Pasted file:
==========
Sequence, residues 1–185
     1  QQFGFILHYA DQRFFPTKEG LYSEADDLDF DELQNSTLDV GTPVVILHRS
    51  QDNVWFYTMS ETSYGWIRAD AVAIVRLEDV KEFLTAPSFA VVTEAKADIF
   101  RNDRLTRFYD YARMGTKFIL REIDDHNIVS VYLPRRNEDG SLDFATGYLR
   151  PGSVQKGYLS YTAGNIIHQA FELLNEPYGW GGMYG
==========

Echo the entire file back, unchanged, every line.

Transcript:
Sequence, residues 1–185
     1  QQFGFILHYA DQRFFPTKEG LYSEADDLDF DELQNSTLDV GTPVVILHRS
    51  QDNVWFYTMS ETSYGWIRAD AVAIVRLEDV KEFLTAPSFA VVTEAKADIF
   101  RNDRLTRFYD YARMGTKFIL REIDDHNIVS VYLPRRNEDG SLDFATGYLR
   151  PGSVQKGYLS YTAGNIIHQA FELLNEPYGW GGMYG